The Dramatic Rise of Cloud Computing During the Pandemic
Cloud to the Rescue!
Back when the pandemic initially began—it’s hard to believe that our first Remote By Design™ post was published in March—the cloud rolled in… and it hasn’t budged. In fact, things have become even cloudier. During these past months, organizations have shown a tremendous need for responsive and adaptable IT services, and cloud computing has supplied it. Amply. Part of this was a response to the nearly universal adoption of remote work, whether from home or outside of the office. Other pivots included new kinds of supply chain management and responding to the increased need for cybersecurity. IT’s response to all of these rapid changes in the market have at least one factor in common: The use of cloud-based services and platforms. Companies are more aggressively and rapidly relying on cloud services and providers. Let’s explore why.
Speed to Market
One reason cloud adoption has soared is that it accelerates IT’s ability to respond to business needs. The increase in time-to-market capabilities has been crucial for many IT organizations. IT typically takes a measured approach to developing an organization’s IT infrastructure. It’s not just the technical details, management and coordination involved when standing up these systems—it’s also the levels of reliability, scalability and security they require. The pandemic demanded pivots, and many IT organizations have pivoted toward—you guessed it—the cloud. Cloud-based platforms enable them to construct systems, infrastructure and machines faster than they could do in traditional data centers, and also with a higher level of control.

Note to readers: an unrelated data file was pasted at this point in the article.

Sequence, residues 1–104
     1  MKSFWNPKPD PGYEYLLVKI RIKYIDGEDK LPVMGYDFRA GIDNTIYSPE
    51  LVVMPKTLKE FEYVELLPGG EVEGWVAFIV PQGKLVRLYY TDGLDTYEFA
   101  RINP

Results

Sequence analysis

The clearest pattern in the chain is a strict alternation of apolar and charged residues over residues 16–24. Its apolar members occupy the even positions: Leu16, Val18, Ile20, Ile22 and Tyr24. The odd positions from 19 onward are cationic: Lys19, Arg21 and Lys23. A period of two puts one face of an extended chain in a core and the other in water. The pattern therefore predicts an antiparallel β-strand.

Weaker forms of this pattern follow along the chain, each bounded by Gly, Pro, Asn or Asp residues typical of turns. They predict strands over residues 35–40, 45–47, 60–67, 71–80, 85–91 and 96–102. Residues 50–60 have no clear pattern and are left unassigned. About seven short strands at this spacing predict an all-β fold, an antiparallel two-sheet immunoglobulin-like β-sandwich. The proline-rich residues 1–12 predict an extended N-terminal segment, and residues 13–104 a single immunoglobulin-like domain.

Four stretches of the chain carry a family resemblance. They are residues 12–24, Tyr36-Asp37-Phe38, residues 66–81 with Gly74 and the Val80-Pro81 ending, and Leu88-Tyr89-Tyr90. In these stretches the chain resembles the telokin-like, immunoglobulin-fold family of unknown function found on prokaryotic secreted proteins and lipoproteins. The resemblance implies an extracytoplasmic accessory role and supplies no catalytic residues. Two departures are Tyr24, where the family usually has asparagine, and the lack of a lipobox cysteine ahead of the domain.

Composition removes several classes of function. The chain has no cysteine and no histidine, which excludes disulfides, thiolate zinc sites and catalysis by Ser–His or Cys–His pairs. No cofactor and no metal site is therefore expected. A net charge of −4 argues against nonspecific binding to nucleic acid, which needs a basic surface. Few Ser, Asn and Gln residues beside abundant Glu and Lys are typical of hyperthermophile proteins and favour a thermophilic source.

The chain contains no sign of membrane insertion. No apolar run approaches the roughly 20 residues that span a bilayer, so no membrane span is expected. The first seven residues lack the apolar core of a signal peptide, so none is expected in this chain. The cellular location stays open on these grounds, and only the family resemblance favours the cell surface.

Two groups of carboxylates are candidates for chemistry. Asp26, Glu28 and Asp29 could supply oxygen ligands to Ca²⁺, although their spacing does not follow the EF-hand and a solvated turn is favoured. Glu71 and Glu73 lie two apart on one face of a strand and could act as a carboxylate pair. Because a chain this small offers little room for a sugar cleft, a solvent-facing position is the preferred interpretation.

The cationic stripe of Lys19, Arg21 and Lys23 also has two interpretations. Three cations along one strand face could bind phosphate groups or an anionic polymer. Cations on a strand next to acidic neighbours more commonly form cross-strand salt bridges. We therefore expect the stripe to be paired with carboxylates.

Sized to Fit
A common challenge for corporate IT involves building a system that works for their organization in the short and long term. Factor into this equation the wildly dynamic market changes caused by COVID-19, and you’ll appreciate just how difficult IT’s challenge really is. IT leaders have a tough puzzle to solve: How do you hit your target when the target refuses to sit still? If they make their IT solution too small, they’ll regret it; if they make it too large, then they’ll waste precious resources and budget.
This is where the cloud can provide an answer. Because of cloud computing’s flexibility and scalability of design and operations, an organization can buy the precisely sized system it needs, on demand. If demand spikes, they can dynamically acquire more capacity and resources on the fly. If demand drops, those resources can be removed and the costs lowered. This freedom to buy only what’s needed, when it’s needed, as it’s needed, is one of the most powerful benefits of cloud-based solutions. Adaptability in sizing to meet client’s needs is a critical component of cloud solutions, but it’s augmented by their increasing capabilities as well.
Making Organizations More Capable